qsort semantics

Discussion in 'C Programming' started by gauss010@gmail.com, Sep 20, 2007.

1. Guest

Suppose I have an object A of type char[M][N]. Each A is a buffer
containing a string, and I want to sort the M strings of A using the
strcmp function. The description of the qsort function says that I
must pass a pointer to the first object of the array to be sorted.
This leads me to write the following:

char A[M][N];
int cmp(const void *a, const void *b) {
int v = strcmp(*(char (*)[N])a, *(char (*)[N])b);
if (v < 0) return -1;
else if (v == 0) return 0;
else return 1;
}
void sortA(void) {
qsort(&A[0], sizeof A / sizeof *A, sizeof *A, cmp);
}

But I also want to be able to use my comparison function to sort other
arrays of strings whose second array dimension is of a different size.
For example, I may want to use it to do the same sort on an object of
type char[2*M][2*N]. Then I think of rewriting it like this:

char A[M][N], B[2*M][2*N];
int cmp(const void *a, const void *b) {
int v = strcmp(a,b);
if (v < 0) return -1;
else if (v == 0) return 0;
else return 1;
}
void sortA(void) {
qsort(&A[0][0], sizeof A / sizeof *A, sizeof *A, cmp);
}
void sortB(void) {
qsort(&B[0][0], sizeof B / sizeof *B, sizeof *B, cmp);
}

But now I'm not strictly following the description of the qsort
function. I'm now not *really* passing a pointer to the first object
of the array to be sorted, rather I'm passing a pointer to the first
byte of the first object of the array to be sorted.

Imagining how I would implement the qsort function myself, I know that
this will work fine, but abusing the description of the qsort function
like this makes me uncomfortable.

Do you think it's OK to write such code?

, Sep 20, 2007

2. Army1987Guest

On Thu, 20 Sep 2007 00:09:12 -0700, gauss010 wrote:

> Suppose I have an object A of type char[M][N]. Each A is a buffer
> containing a string, and I want to sort the M strings of A using the
> strcmp function. The description of the qsort function says that I
> must pass a pointer to the first object of the array to be sorted.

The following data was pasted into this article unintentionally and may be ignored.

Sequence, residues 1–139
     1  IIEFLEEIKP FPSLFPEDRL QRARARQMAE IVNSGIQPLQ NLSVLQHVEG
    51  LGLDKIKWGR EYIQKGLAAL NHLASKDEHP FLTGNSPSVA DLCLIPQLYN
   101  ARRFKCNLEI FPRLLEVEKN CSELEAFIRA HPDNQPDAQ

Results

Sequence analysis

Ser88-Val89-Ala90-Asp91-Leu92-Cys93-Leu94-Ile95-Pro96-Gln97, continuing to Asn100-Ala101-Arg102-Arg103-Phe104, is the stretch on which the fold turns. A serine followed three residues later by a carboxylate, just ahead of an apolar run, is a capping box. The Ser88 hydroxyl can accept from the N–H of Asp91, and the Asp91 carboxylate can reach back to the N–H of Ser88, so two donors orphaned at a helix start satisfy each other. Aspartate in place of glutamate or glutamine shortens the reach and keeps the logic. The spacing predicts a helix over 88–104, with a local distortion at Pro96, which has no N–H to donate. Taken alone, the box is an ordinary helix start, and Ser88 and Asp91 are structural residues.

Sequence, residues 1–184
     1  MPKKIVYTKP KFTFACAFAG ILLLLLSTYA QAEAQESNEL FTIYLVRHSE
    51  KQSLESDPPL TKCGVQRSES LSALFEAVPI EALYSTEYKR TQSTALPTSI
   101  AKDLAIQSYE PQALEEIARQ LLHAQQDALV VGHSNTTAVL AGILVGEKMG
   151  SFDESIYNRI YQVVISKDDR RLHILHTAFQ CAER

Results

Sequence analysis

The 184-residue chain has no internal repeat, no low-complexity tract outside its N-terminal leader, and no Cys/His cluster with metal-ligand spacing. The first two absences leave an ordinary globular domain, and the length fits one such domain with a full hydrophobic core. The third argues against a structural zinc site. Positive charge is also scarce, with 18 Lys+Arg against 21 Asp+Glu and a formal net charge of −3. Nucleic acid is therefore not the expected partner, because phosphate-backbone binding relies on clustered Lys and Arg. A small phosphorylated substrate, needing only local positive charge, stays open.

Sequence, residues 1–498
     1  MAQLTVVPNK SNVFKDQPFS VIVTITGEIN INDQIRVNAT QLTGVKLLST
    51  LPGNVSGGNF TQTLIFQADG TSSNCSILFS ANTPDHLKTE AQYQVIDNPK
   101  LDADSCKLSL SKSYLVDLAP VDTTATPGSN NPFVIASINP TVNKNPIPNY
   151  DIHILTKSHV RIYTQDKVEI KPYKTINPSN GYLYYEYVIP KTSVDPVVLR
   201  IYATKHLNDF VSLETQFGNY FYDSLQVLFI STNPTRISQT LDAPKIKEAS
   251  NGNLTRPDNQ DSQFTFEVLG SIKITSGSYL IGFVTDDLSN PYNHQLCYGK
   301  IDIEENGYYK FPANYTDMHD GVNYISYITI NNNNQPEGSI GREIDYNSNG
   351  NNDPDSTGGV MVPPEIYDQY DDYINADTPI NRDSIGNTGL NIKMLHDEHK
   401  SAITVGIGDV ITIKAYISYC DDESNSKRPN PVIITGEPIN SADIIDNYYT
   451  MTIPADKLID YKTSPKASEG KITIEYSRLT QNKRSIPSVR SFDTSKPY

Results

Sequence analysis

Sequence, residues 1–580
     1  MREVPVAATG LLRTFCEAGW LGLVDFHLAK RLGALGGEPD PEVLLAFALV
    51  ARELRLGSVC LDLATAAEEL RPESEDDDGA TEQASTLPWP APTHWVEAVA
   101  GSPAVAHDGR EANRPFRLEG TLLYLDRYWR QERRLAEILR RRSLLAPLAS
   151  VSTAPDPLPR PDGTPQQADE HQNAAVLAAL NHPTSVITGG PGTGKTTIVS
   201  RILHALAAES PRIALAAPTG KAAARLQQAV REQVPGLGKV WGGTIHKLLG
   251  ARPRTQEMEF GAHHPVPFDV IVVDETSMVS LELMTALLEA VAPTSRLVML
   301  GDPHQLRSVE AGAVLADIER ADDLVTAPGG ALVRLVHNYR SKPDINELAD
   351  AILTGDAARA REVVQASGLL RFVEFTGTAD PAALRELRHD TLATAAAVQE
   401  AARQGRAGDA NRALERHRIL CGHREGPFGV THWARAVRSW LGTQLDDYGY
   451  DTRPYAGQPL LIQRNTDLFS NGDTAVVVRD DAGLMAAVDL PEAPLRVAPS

> This leads me to write the following:
>
> char A[M][N];
> int cmp(const void *a, const void *b) {
> int v = strcmp(*(char (*)[N])a, *(char (*)[N])b);

strcmp takes pointers to const chars, not to arrays.
If strcmp has a visible prototype here, you could just
int cmp(const void *a, const void *b) { return strcmp(a, b); }

K&R2 uses (int (* )(const void *, const void *))strcmp as an
argument to qsort, but I think the standard committee has since
deemed it UB (whereas const void *s are required to have the same
representations as const char*s, a particularly perverse
implementation could pass them to functions in different ways...)

> if (v < 0) return -1;
> else if (v == 0) return 0;
> else return 1;

Why couldn't you just return v?
> }
> void sortA(void) {
> qsort(&A[0], sizeof A / sizeof *A, sizeof *A, cmp);
> }
>
> But I also want to be able to use my comparison function to sort other
> arrays of strings whose second array dimension is of a different size.
> For example, I may want to use it to do the same sort on an object of
> type char[2*M][2*N]. Then I think of rewriting it like this:
>
> char A[M][N], B[2*M][2*N];
> int cmp(const void *a, const void *b) {
> int v = strcmp(a,b);
> if (v < 0) return -1;
> else if (v == 0) return 0;
> else return 1;
> }
> void sortA(void) {
> qsort(&A[0][0], sizeof A / sizeof *A, sizeof *A, cmp);
> }
> void sortB(void) {
> qsort(&B[0][0], sizeof B / sizeof *B, sizeof *B, cmp);
> }
>
> But now I'm not strictly following the description of the qsort
> function. I'm now not *really* passing a pointer to the first object
> of the array to be sorted, rather I'm passing a pointer to the first
> byte of the first object of the array to be sorted.

You're passing void *, which are essentially pointers to char with
syntactic salt on them. Of course they point to the first byte.
The only way for qsort() to know how large the objects they are
intended to point to are, is through the second and third
argument.
--
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If you're sending e-mail from a Windows machine, turn off Microsoft's
stupid â€œSmart Quotesâ€ feature. This is so you'll avoid sprinkling garbage
characters through your mail. -- Eric S. Raymond and Rick Moen

Army1987, Sep 20, 2007

3. user923005Guest

Maybe use:
int compare (const void *aa, const void *bb)
{
const char * const *a = aa;